Who possesses me will possess all things,
But his life will belong to me...'
Raphael de Valentin, a young aristocrat, has lost all his money in the gaming parlours of the Palais Royal in Paris, and contemplates ending his life by throwing himself into the Seine. He is distracted by the bizarre array of objects in a chaotic antique shop, among them a strange animal skin, a piece of shagreen with magical properties. It will grant its possessor his every wish, but each time a wish is bestowed the skin shrinks, hastening its owner's death. Around this fantastic premise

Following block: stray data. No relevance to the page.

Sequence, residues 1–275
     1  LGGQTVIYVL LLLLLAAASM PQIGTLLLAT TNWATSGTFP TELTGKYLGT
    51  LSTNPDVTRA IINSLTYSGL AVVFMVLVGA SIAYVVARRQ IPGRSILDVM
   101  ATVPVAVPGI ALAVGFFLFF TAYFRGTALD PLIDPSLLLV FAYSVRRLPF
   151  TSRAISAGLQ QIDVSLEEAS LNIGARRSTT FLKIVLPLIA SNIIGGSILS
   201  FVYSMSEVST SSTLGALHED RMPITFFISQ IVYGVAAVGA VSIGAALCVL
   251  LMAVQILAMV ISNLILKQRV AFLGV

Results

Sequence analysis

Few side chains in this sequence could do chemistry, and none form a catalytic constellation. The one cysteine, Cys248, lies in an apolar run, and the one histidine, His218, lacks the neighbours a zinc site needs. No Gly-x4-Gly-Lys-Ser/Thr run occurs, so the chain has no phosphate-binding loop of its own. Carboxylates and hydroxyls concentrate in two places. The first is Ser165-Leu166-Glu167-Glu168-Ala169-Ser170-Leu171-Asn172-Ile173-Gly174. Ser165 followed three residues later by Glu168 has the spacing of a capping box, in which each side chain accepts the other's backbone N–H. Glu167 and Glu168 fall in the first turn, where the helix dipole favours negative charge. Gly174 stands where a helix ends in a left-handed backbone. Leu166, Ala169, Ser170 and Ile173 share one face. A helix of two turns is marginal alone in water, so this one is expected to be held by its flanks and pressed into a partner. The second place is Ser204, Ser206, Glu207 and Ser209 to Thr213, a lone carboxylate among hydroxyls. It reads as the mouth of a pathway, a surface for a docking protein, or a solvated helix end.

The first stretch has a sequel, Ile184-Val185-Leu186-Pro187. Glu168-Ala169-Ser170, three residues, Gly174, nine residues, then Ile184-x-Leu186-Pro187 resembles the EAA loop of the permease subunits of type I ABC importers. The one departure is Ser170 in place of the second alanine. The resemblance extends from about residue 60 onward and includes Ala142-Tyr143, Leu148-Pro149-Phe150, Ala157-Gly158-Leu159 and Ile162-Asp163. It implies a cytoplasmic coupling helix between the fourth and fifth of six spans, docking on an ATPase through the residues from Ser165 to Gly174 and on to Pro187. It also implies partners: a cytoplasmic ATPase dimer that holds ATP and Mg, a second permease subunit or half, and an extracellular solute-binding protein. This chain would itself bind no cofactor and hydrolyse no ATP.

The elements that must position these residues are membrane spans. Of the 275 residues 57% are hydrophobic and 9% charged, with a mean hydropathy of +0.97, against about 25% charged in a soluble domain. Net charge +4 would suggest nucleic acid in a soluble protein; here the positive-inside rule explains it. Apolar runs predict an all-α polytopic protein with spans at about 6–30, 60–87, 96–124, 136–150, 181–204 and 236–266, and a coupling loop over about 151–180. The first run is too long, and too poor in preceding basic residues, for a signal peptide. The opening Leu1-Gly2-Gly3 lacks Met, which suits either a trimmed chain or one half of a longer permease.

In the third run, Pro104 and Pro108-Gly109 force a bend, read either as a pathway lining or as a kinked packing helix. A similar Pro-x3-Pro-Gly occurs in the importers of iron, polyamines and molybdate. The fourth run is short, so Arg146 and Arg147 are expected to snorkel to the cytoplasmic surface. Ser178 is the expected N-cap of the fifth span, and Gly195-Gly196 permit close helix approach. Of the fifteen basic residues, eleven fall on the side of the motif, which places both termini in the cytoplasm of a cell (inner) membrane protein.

Balzac weaves a compelling psychological portrait of his hero, a prisoner of his own Promethean imagination, and explores profound ideas about the human will, vice and virtue, love and death.
Helen Constantine's new translation captures the energy and exuberance of Balzac's novel, one of the most engaging of his 'Études philosophiques' from the Comédie humaine. The accompanying introduction and notes offer fresh insights into this remarkable work.
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About Honoré de Balzac
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Published June 14, 2012
by OUP Oxford.
History, Science Fiction & Fantasy, Literature & Fiction.